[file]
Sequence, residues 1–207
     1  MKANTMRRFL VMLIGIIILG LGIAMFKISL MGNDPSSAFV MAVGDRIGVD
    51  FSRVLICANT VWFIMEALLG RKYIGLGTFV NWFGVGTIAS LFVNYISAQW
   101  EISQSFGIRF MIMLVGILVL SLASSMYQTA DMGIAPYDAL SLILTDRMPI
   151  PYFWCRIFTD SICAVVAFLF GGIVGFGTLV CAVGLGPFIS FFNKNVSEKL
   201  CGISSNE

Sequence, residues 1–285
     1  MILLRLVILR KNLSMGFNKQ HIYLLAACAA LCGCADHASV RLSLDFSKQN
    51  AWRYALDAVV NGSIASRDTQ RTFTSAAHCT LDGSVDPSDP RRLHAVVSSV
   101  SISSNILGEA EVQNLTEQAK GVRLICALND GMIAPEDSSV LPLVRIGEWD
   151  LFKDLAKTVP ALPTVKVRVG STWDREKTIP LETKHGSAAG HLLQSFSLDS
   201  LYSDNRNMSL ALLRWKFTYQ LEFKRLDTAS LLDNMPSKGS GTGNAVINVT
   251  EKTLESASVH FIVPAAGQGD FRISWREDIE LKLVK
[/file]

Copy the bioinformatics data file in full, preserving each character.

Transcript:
Sequence, residues 1–207
     1  MKANTMRRFL VMLIGIIILG LGIAMFKISL MGNDPSSAFV MAVGDRIGVD
    51  FSRVLICANT VWFIMEALLG RKYIGLGTFV NWFGVGTIAS LFVNYISAQW
   101  EISQSFGIRF MIMLVGILVL SLASSMYQTA DMGIAPYDAL SLILTDRMPI
   151  PYFWCRIFTD SICAVVAFLF GGIVGFGTLV CAVGLGPFIS FFNKNVSEKL
   201  CGISSNE

Sequence, residues 1–285
     1  MILLRLVILR KNLSMGFNKQ HIYLLAACAA LCGCADHASV RLSLDFSKQN
    51  AWRYALDAVV NGSIASRDTQ RTFTSAAHCT LDGSVDPSDP RRLHAVVSSV
   101  SISSNILGEA EVQNLTEQAK GVRLICALND GMIAPEDSSV LPLVRIGEWD
   151  LFKDLAKTVP ALPTVKVRVG STWDREKTIP LETKHGSAAG HLLQSFSLDS
   201  LYSDNRNMSL ALLRWKFTYQ LEFKRLDTAS LLDNMPSKGS GTGNAVINVT
   251  EKTLESASVH FIVPAAGQGD FRISWREDIE LKLVK